By Victor Skinner | The Center Square contributor
The Louisiana Legislature officially has called a special session for February to craft new legislative districts for state and federal offices.
State Senate President Page Cortez, R-Lafayette, and House Speaker Clay Schexnayder, R-Gonzales, have signed a proclamation to convene a special session that will run from 5 p.m. Feb. 1 to 6 p.m. Feb. 20 for the state’s constitutionally mandated redistricting process.
The session gives lawmakers 20 days to redraw Louisiana’s congressional, state House and state Senate districts. Legislators also will craft districts for the state Board of Elementary and Secondary Education, Public Service Commission and Supreme Court.
States redraw state and federal legislative maps every decade using updated census data to ensure fair representation, though the process is contentious and often rife with gerrymandering aimed at giving an advantage to one political party or the other.
Tuesday’s special session proclamation came as members of the Legislature’s Joint Governmental Affairs Committee wrap up a redistricting road show to solicit input from the public, with the final meeting scheduled for Jan. 20 at the state Capitol.
The state’s congressional districts have received the most attention during nine prior meetings, which began in late October. Groups representing Democrats and Black residents have called for the creation of a second majority-black congressional district to better represent the roughly one-third of the state’s 4.6 million residents who identified as Black during the recent census.
Gov. John Bel Edwards also lent his support to the cause during a news conference in December.
“We have a minority population, an African-American population, of 32-33%,” Edwards said. “We have six congressional districts. And so fairness – if it can be done – would be to have two out of the six congressional districts be minority districts.”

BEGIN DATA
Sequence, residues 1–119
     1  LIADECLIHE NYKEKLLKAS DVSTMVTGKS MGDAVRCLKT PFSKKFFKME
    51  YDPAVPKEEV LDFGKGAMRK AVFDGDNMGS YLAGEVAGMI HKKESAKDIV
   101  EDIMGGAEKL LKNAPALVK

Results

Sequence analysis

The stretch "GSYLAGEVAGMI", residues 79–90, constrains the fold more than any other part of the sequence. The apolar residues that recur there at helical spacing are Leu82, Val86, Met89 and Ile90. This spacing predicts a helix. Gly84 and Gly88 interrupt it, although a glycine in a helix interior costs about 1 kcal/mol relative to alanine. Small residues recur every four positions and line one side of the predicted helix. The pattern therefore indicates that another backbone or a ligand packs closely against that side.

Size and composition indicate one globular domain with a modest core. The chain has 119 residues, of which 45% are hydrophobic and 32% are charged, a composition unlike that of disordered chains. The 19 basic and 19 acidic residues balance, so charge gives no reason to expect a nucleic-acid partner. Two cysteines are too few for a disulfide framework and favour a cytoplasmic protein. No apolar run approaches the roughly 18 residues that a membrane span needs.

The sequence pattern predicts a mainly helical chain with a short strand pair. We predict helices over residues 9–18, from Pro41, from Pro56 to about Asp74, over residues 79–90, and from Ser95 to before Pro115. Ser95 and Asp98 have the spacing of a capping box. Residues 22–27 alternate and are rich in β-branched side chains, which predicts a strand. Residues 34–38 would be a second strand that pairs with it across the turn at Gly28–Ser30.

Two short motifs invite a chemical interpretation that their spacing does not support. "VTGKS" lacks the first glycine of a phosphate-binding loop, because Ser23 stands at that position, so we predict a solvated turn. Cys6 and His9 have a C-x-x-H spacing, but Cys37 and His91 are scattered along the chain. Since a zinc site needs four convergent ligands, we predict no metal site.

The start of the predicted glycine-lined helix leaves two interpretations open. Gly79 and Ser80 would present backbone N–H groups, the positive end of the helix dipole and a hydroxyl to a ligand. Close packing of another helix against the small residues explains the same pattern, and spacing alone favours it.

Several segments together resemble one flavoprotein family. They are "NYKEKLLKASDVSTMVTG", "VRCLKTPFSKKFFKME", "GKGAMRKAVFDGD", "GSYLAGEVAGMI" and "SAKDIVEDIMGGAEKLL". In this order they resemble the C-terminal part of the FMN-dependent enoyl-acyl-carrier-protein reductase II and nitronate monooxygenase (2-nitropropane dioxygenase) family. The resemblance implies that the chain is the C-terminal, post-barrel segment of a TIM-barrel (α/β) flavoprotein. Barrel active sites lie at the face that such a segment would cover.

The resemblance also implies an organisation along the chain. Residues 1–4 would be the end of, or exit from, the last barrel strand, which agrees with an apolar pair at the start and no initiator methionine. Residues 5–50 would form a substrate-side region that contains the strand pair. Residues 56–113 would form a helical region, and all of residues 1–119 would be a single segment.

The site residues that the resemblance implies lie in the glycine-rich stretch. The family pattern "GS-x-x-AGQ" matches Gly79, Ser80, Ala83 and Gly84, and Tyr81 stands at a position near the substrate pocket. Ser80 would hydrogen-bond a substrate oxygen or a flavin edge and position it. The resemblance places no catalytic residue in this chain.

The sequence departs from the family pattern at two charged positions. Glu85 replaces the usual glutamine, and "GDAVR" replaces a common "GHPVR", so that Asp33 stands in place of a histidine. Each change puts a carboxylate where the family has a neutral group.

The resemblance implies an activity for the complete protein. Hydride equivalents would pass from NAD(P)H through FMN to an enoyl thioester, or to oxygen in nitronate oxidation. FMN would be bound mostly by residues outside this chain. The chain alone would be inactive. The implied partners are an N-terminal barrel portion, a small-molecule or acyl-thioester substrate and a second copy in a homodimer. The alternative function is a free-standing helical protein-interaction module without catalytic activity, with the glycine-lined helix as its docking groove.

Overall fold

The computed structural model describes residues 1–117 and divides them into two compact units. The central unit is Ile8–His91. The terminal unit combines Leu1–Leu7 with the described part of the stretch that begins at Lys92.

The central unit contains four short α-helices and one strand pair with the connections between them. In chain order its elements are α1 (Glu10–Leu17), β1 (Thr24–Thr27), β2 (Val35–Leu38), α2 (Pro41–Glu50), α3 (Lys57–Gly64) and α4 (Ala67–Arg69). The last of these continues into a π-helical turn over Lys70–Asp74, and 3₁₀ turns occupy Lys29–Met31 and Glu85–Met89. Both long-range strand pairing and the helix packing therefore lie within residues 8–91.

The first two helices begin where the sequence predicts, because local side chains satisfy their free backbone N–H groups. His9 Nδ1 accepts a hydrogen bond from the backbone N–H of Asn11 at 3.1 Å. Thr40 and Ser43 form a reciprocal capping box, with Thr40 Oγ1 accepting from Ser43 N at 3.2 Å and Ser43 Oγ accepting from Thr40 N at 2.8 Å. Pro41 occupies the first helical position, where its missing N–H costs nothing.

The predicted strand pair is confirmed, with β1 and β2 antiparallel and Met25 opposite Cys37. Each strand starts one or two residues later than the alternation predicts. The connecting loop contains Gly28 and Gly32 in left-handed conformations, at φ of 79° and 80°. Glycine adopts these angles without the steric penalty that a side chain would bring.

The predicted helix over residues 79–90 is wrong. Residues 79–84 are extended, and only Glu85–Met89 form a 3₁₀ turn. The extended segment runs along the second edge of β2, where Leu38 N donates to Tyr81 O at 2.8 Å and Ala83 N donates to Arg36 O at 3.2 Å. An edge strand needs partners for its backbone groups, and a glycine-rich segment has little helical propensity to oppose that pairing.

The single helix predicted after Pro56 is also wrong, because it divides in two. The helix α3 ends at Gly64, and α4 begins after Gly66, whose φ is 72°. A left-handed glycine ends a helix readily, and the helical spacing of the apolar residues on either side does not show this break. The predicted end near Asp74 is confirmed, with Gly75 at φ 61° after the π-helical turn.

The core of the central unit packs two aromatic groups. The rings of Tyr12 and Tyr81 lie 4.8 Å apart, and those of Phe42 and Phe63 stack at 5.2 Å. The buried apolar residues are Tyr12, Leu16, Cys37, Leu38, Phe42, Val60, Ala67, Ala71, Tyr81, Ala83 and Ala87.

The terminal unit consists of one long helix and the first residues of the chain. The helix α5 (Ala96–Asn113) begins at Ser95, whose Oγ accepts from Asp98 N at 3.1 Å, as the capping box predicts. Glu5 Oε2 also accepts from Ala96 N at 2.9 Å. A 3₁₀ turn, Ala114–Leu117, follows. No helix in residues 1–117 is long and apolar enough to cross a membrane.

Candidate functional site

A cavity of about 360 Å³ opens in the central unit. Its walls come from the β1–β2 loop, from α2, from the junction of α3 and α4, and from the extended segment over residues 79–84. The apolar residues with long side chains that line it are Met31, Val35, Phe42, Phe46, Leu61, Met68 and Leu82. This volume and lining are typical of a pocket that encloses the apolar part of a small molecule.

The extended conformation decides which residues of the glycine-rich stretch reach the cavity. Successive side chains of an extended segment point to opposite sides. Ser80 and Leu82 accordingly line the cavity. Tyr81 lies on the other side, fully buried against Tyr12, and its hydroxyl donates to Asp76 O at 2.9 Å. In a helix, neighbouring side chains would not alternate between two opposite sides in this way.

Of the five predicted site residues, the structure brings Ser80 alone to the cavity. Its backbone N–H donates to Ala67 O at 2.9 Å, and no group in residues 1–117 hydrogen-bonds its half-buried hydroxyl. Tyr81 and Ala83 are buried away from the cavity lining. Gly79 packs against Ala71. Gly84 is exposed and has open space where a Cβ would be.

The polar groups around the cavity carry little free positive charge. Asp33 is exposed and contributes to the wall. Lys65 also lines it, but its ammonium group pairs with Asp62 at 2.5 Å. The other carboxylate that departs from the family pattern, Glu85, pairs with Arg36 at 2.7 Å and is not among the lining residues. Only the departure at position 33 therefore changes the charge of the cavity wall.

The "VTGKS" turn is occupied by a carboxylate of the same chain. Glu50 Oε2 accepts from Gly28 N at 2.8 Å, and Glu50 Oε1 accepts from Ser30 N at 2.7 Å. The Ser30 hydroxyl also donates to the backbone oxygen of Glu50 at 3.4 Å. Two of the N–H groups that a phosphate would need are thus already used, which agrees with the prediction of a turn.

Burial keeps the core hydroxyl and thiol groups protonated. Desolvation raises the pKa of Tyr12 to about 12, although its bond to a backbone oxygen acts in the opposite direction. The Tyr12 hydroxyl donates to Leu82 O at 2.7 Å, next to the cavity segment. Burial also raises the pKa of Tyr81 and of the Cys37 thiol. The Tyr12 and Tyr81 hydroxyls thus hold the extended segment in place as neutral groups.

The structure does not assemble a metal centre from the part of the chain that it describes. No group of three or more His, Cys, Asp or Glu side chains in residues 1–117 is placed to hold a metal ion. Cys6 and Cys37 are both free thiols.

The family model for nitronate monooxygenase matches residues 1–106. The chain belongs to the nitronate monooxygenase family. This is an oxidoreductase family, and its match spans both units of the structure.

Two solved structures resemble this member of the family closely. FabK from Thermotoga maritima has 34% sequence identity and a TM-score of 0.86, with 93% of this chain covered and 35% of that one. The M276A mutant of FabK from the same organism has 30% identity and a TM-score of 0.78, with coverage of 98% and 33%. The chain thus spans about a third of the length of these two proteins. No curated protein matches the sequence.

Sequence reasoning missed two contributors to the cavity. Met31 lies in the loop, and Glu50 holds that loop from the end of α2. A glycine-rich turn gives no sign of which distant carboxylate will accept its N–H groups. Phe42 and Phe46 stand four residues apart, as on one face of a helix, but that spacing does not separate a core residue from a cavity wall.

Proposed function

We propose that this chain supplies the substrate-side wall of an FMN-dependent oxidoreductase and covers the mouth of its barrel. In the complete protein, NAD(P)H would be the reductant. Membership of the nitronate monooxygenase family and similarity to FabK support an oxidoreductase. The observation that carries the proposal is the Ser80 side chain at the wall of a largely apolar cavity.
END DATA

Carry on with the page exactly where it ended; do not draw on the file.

Edwards acknowledged the move would require “major reworking” of the current districts, but he urged the Republican-majority Legislature to heed the request nonetheless.
“Obviously, if we want to talk about fairness and making sure the maps reflect reality of what the situation is on the ground, that should be our goal, and I’m hopeful that we’re going to be able to get there,” he said, according to Baton Rouge Public Radio.
Republicans hold a supermajority in the state Senate and a 68-34 advantage in the House, where there’s also three independents. Since securing the overwhelming advantage in 2019, Republicans have been unable to override any of Edwards’ vetoes, the news site reported.
The situation means Republicans will likely need Edwards’ signature for any maps approved by the Legislature, though the governor has not said whether he would veto a map without a second majority-Black congressional district.
Despite calls from Democrats and Edwards to make it happen, experts in Louisiana’s redistricting process remain skeptical that Republicans simply will concede to the demands.
Now retired House Clerk Alfred Speer, who participated in multiple redistricting efforts over the years, told attendees at a public redistricting meeting in December he doesn’t expect Republicans will sacrifice a safe district simply because the public demands it, The Associated Press reported.
“I’d be shocked to have anybody say that it’s going to be done in this time,” Speer said of a second majority-minority district. “It should be. I’m not saying it shouldn’t be. But there are a lot of pressures on the other side of the scale.”